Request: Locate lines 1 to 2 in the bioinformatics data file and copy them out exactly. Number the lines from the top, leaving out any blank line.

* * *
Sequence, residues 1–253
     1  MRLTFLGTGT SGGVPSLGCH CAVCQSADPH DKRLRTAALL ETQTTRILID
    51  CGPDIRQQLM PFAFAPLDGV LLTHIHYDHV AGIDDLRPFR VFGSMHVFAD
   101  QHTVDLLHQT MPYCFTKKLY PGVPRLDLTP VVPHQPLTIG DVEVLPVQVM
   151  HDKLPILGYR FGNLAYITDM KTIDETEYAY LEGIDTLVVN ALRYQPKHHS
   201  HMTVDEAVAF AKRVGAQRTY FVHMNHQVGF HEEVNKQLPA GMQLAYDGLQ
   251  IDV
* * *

Sequence, residues 1–253
     1  MRLTFLGTGT SGGVPSLGCH CAVCQSADPH DKRLRTAALL ETQTTRILID